Business

Viewpoint: US debt deal a positive move for Asia

An employee works at the workshop of a textile factory in China
Image caption A US debt default would have hurt growth in export-dependent Asian economies

The political agreement to lift the US government debt ceiling has been of critical importance, not only to the US economic outlook but also to that of the Asia-Pacific region, given the high dependence of East Asia on export-driven growth, with the US still a key market.

Had the US government been forced into a situation where it would have had to start to implement cuts to essential spending and perhaps to even default on interest rate payments on its debt, it would have substantially increased the downside risks to the global economic outlook.

With US economic recovery already relatively fragile, with annualised growth of just 1.3% in the second quarter of 2011, enforced cuts to government spending could have further weakened growth momentum as well as dampened consumer and business confidence.

A drop in consumer confidence would have a knock-on effect on demand from the US.

Therefore for Asian economies, the removal of this threat is a positive development, since the US is still the world's largest economy and a key market for Asian exports.

Furthermore, a default on US government debt would have also created turmoil in global financial markets, with heightened volatility in currency markets.

In recent weeks, investors have sought safe havens such as the yen and gold on fears that the uncertain US economic situation and the US debt crisis would damage global outlook.

A failure to reach a deal would have seen an even greater investment in safe havens, sending their prices higher.

A rising yen would have caused further damage to Japan's export sector, which has yet to recover fully from the aftermath of the 11 March earthquake and tsunami.

Ratings downgrade?

A large share of US government debt is now held by foreign investors, including a significant share by Asian central banks as a core part of foreign exchange reserves.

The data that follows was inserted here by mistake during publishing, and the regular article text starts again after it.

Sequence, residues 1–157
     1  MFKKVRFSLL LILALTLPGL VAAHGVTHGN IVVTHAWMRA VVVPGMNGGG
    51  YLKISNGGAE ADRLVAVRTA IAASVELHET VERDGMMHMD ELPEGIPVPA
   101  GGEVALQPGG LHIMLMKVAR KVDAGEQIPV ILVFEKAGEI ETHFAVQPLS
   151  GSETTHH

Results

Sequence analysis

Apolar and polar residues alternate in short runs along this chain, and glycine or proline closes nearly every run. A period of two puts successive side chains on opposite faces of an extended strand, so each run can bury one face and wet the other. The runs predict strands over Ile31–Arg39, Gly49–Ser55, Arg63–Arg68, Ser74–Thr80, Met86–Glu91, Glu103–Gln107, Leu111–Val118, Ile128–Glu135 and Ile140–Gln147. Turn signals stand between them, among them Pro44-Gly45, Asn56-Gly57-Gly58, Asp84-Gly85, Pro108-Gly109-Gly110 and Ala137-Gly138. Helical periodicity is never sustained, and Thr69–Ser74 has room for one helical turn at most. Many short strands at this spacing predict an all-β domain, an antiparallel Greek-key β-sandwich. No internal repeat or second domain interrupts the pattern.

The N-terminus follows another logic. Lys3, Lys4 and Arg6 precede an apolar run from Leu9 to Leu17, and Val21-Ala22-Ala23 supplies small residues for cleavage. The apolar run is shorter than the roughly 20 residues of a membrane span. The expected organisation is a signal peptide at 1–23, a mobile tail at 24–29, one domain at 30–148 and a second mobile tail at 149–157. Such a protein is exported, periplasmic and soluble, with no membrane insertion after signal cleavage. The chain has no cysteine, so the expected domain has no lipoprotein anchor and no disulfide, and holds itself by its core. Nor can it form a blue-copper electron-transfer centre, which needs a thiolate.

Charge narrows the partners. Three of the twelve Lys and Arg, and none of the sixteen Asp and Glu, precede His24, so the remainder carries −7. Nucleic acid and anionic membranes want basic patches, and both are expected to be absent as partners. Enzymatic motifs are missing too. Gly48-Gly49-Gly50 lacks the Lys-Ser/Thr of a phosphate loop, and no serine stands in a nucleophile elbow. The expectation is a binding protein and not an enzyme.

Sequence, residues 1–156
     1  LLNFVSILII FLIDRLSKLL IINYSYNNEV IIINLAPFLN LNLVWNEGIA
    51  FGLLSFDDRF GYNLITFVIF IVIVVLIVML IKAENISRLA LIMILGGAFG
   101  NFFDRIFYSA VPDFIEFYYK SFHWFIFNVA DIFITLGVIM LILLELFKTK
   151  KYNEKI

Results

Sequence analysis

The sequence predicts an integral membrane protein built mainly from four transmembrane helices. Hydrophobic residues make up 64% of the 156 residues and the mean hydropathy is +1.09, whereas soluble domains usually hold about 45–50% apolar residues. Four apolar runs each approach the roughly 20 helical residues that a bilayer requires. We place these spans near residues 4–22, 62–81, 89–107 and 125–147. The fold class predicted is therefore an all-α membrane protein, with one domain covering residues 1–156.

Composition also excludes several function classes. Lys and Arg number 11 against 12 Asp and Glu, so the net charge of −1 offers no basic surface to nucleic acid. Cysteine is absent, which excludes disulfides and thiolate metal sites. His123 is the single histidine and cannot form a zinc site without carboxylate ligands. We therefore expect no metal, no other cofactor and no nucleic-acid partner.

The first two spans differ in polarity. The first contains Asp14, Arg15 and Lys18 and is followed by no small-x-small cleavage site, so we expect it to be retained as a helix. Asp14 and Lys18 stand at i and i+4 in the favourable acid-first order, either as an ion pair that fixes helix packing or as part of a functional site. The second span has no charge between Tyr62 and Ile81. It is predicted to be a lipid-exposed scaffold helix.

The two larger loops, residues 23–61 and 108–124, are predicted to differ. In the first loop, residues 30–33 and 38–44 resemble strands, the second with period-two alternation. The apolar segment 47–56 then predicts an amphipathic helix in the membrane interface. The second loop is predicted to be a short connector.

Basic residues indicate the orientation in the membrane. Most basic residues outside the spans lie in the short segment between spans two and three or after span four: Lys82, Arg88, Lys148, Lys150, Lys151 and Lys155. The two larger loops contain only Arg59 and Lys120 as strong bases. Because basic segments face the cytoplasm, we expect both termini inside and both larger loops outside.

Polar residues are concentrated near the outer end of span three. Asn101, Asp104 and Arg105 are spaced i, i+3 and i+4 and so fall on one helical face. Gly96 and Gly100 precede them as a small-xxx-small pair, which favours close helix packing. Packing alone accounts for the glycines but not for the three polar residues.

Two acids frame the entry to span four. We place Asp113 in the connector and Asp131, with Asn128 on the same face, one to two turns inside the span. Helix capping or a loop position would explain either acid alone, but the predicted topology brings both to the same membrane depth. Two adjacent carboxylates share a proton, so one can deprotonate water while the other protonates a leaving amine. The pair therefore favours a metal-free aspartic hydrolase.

A default would have seen the US dollar weaken further, hence reducing the value of the huge amount of US assets held by the Asian central banks.

At the same, time confidence in US government debt would also have been shaken significantly by a US default.

That would have almost certainly triggered ratings downgrades on US sovereign debt by international rating agencies.

A downgrade would have pushed up financing costs in the US economy and further endangered growth momentum for both the US and, through transmission effects, the world economy.

However, signs of political agreement on the roadmap for significant cuts in US government spending of around $2.5tn (£1.5tn) over the next decade may stave off US sovereign ratings downgrades.

The debt deal has, therefore, taken one of the two key risks to the global economy in the second half of 2011 off the table.

This is one major piece of good news for the Asia-Pacific economies, which have been facing headwinds from the economic crisis in the US and Europe during the first half of 2011.

Of course, the European sovereign debt crisis continues to loom, remaining a key risk to the global economic outlook in 2011-12.

Growth drivers

However, there are two other important growth drivers for East Asia that should improve over the northern summer.

Firstly, the Japanese economy is recovering rapidly from the depths of the March earthquake and tsunami, with industrial production rebounding strongly towards pre-disaster levels.

The disruption of global supply chains will now enter a recovery phase, as Japanese plants rebuild both domestic and global inventories of auto, electronic and other industrial products.

With the first two supplementary fiscal packages for recovery already passed, implementation of reconstruction efforts should gather momentum in coming months.

Secondly, the Chinese economy is still showing considerable momentum, with industrial production up 15.1% and exports up 17.9% on a year ago in June.

With the world's second and third largest economies, China and Japan, expected to post strong growth in the second half of 2011, the outlook for the Asia-Pacific is for improving export-growth momentum, helped by a strong rebound in exports to Japan.

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